On offense, there will be a quarterback battle before the Cougars’ opening game at Burbank in Sacramento between senior Payton Mayer and junior Jason Hunt. Senior Cole Roberts is slated to be the feature running back and junior wide receiver Matt Sanchez will be a main target.
However, what caught my attention the most was freshman manchild Kenau Williams and his 6-foot-4, 240 pound frame. The defensive lineman is expected to get a bulk of playing time and is ready to handle the competition according to Coach Hammond. Remember the name.
The morning after the surprising afternoon rain on Aug. 3, I checked out the Friday practice at Clovis North and met new head coach Benny Martinez. And if one thing is for certain, Martinez bleeds Clovis North football.
With the program from the school’s inception in 2007, Martinez was literally right in the middle of practice, blowing the whistle during and after drills, correcting and encouraging. The Broncos are coming off a season that saw them go 6-6 overall and 2-3 in league, and the 2017 season will see a lot of new faces on the field.
First of all, there will be a quarterback battle, at least before the season’s first game against Sunnyside at home, between junior Bo Blackburn and sophomore lefty DJ Frampton. Assuming running back duties is senior Josh Gonzalez.
At wide receiver the team will be relying on Nick Caviglia, Kurt Cobseth, Derek Bell and Brendan Bechtel. Seniors Noah Riley and Trent Lindsay will anchor the linebackers and will both see some time at tight end.
To cap off my week of watching the first Clovis Unified practices of the 2017 season, I headed to Clovis East for its Friday evening session and right away I noticed a change from season’s past – numbers.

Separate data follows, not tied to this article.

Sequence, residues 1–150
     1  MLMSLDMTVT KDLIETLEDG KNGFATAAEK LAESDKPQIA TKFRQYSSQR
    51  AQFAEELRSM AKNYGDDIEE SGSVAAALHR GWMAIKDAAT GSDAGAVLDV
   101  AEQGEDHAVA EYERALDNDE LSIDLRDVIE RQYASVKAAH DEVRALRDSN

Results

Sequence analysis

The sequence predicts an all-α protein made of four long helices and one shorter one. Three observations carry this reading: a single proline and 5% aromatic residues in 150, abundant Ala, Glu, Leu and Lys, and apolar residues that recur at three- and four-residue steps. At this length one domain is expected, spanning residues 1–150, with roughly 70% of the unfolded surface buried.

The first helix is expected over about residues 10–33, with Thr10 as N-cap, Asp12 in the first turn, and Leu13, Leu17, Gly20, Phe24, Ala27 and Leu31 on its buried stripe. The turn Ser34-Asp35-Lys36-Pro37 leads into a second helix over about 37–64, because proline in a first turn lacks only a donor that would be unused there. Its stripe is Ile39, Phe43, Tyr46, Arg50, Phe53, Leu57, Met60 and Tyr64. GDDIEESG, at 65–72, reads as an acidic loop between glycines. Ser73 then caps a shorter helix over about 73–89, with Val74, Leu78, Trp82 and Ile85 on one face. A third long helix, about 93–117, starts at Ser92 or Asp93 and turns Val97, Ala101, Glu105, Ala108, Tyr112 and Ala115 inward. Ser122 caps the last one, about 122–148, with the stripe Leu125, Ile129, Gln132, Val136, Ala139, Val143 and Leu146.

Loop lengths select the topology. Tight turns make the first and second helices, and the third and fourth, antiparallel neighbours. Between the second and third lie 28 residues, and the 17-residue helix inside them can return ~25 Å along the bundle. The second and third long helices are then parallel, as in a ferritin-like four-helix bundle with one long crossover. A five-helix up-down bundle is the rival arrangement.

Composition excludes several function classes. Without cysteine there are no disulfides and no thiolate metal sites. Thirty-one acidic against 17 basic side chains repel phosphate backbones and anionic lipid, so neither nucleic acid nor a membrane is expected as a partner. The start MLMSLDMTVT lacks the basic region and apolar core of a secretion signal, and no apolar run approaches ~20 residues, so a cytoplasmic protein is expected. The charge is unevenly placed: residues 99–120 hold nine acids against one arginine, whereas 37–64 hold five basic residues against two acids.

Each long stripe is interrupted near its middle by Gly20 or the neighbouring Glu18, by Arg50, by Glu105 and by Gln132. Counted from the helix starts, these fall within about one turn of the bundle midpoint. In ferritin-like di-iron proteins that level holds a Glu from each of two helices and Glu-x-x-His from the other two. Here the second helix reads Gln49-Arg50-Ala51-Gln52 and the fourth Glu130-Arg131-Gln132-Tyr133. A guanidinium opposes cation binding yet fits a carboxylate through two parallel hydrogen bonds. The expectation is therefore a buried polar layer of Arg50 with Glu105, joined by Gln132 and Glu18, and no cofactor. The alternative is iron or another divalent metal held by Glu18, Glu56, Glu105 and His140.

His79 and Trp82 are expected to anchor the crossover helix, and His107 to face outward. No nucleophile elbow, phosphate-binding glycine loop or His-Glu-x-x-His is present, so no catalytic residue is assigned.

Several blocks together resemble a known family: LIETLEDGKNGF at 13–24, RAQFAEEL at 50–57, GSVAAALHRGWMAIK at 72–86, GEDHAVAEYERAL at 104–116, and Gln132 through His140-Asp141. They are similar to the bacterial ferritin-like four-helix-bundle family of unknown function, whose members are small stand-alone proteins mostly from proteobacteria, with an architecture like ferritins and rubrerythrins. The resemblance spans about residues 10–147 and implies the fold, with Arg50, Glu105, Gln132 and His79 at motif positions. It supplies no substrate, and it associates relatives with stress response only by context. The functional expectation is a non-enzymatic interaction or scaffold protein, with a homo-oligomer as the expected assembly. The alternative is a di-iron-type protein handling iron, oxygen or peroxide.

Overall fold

No, not numbers on the back of their practice jerseys, but numbers as in quantity. After years of dwindling players (and wins), I spied at least 50 varsity players at four different stations on the practice field, all being coached up. And the main reason for this change in attitude, intensity and structure – new head coach Ryan Reynolds.
Reynolds inherited a program that suited up as little as 22 players in some games towards the end of last season, and hasn’t won a TRAC game since 2009. That’s hard to fathom for a once-proud program that was a powerhouse in the 2000s when it won six TRAC titles and a pair of Valley championships.
Reynolds knows it will be a process to get back to the level he expects. The T-Wolves’ bright spot will be senior quarterback Gerard Mendez, a mobile quarterback with a strong arm. Romello Knight, Trevin Qualls and Reggie Williams will be weapons on offense and see some time on defense as well. Marcus Washington, the standout running back who started as a freshman, transferred to Central.
The Timberwolves open the season at St. Ignatius in San Francisco.